Ottawa artist portrays those who serve

By on May 1, 2008

In a recent exhibition, artist Karen Bailey documented older women who work in the kitchen of Ottawa’s St. Thomas the Apostle Church.

Ottawa
The dwindling numbers of aging women who serve in parish kitchens across the country seldom receive public recognition for their work but an Ottawa professional artist is doing something about it.

Karen Bailey – an Anglican who once worked as a waitress – is creating a body of work entitled, “Blanche Dot Doris,” that celebrates “the patience and perseverance of servers, the people they serve and the environment in which they work.”

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Although her plan to document elderly women working in the kitchen of St. Thomas the Apostle Church was sidetracked by a two-week trip to Afghanistan last June as an appointed military artist, Ms. Bailey has produced enough paintings for a recent solo exhibition at the Dale Smith Gallery in Ottawa.

“It would have been easy to abandon the church women altogether in favour of the Canadian Forces and my Kandahar paintings but I was determined to honour the commitment to my ecclesiastic endeavour,” said Ms. Bailey in an interview. “In December, when I was finally able to revisit my original theme – the ‘Ladies Aid’ – it came as a welcome relief.”

The women doing much of the work in church kitchens are in their 70s, 80s and even 90s, said Ms. Bailey. “There aren’t a lot of women coming through the ranks to fill their shoes and I just thought they are people who deserve to be recognized.”

Ms. Bailey’s mother, Mary, is 82 and serves at church teas at St. Thomas. She has frequently mentioned that the women who do the work “are getting older and older” said Ms. Bailey. “These are women who prepare things for, let’s say – funeral teas – and it’s such an important function, she said. “I know you can just get caterers in but it’s about community.” A lot of the work involves making sandwiches and squares, and some of the women wonder, “‘Who’s going to be making sandwiches for my funeral?'” said Ms. Bailey. “I think they still like the idea of it being catered by their friends.”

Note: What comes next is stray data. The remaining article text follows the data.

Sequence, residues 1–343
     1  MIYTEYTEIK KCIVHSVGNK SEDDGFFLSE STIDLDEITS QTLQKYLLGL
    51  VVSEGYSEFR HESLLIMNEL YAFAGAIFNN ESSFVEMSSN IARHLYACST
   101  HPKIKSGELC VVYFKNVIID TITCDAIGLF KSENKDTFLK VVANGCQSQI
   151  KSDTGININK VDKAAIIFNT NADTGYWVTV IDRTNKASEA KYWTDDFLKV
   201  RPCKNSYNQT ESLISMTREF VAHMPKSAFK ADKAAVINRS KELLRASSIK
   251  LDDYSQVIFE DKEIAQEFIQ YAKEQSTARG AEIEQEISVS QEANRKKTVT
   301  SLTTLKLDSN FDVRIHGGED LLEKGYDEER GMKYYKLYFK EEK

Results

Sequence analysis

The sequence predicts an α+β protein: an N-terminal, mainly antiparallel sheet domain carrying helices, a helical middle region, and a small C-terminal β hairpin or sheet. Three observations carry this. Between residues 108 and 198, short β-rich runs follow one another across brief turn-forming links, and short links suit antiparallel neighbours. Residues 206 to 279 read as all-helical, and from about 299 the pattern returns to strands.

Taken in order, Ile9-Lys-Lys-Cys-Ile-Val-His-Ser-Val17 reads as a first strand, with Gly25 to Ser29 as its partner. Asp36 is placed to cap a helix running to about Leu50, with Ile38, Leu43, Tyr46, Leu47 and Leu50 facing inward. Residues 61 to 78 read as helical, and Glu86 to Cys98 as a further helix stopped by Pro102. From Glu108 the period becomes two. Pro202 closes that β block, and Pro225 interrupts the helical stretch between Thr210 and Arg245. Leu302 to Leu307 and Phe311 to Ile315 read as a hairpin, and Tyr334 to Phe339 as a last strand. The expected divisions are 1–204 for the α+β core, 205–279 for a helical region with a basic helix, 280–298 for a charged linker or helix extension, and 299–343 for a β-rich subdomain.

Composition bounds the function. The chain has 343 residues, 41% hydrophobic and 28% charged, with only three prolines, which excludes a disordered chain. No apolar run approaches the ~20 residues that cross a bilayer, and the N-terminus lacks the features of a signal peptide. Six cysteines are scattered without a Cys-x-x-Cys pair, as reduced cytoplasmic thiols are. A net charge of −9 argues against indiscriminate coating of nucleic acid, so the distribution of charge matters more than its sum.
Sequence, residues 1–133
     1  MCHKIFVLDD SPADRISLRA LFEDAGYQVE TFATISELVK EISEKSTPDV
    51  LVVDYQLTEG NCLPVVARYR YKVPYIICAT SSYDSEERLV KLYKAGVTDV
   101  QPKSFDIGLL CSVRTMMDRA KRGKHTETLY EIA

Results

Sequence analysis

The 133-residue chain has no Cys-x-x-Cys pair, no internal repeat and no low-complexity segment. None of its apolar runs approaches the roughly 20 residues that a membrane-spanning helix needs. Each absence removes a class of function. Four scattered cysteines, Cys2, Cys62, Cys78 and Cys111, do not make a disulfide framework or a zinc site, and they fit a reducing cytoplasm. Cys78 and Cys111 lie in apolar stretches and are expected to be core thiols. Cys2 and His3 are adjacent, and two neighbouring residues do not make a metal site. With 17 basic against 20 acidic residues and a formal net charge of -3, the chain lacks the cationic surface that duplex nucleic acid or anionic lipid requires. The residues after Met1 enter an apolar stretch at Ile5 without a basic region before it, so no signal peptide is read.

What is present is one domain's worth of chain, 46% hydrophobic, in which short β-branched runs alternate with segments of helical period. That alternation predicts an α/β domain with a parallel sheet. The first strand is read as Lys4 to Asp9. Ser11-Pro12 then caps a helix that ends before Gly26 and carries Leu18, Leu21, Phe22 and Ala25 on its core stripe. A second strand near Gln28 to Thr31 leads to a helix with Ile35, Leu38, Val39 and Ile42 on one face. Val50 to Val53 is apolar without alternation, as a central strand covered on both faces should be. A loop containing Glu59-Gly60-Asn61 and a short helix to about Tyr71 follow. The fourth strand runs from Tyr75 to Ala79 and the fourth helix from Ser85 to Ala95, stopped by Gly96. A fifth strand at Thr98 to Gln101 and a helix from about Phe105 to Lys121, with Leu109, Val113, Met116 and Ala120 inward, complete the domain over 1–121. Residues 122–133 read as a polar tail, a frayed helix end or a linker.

Ms. Bailey wrote on her web site (www.karenbailey.ca) that people who grew up in the 1950s and ’60s in a Christian tradition recall mothers and grandmothers preparing rolled sandwiches and squares for church functions. “Many of these women are still performing these duties albeit with bent backs and arthritic hands.”

Ms. Bailey believes that modern culture does not acknowledge the contribution these women make. “In painting them as they perform everyday tasks in the kitchen, I seek to celebrate their beauty, dignity and generosity of spirit.”

A professional artist for more than 25 years, Ms. Bailey has designed the portrait side of the Governor General’s Academic Medal for former Governor General Adrienne Clarkson, worked as a courtroom artist for Global Television, illustrated seven books for Appletree Press, won awards and held several exhibitions.

Ms. Bailey is also continuing to work on a new series of acrylic paintings featuring Canadian military medical staff at work, the result of her visit to Afghanistan. “They are just incredible – the doctors and nurses over there, just amazing,” she said.

“It was an honour to have been chosen to document the Canadians who serve in Afghanistan. I feel privileged that the staff and patients at the Role 3 Hospital so graciously allowed me to share in their world and acted collectively as my muse.”

Art Babych is editor of Crosstalk, the newspaper of the diocese of Ottawa.

Author

  • Art Babych

    Art is the former editor of Crosstalk, the newspaper of the Anglican diocese of Ottawa.

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